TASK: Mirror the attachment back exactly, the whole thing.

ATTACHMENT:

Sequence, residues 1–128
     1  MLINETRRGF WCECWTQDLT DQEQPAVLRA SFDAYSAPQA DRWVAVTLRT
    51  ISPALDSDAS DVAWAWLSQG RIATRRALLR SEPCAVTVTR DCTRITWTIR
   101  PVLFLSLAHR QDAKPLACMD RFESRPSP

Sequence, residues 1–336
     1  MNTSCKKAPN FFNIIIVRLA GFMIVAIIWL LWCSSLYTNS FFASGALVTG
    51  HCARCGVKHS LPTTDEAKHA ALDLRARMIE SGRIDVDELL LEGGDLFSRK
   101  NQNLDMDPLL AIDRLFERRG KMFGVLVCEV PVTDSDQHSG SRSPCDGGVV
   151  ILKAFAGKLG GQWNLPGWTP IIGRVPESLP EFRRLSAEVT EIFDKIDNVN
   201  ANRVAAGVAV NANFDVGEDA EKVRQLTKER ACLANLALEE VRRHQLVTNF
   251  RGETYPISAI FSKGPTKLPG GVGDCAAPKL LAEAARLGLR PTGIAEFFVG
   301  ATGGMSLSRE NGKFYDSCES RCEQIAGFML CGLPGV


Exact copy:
Sequence, residues 1–128
     1  MLINETRRGF WCECWTQDLT DQEQPAVLRA SFDAYSAPQA DRWVAVTLRT
    51  ISPALDSDAS DVAWAWLSQG RIATRRALLR SEPCAVTVTR DCTRITWTIR
   101  PVLFLSLAHR QDAKPLACMD RFESRPSP

Sequence, residues 1–336
     1  MNTSCKKAPN FFNIIIVRLA GFMIVAIIWL LWCSSLYTNS FFASGALVTG
    51  HCARCGVKHS LPTTDEAKHA ALDLRARMIE SGRIDVDELL LEGGDLFSRK
   101  NQNLDMDPLL AIDRLFERRG KMFGVLVCEV PVTDSDQHSG SRSPCDGGVV
   151  ILKAFAGKLG GQWNLPGWTP IIGRVPESLP EFRRLSAEVT EIFDKIDNVN
   201  ANRVAAGVAV NANFDVGEDA EKVRQLTKER ACLANLALEE VRRHQLVTNF
   251  RGETYPISAI FSKGPTKLPG GVGDCAAPKL LAEAARLGLR PTGIAEFFVG
   301  ATGGMSLSRE NGKFYDSCES RCEQIAGFML CGLPGV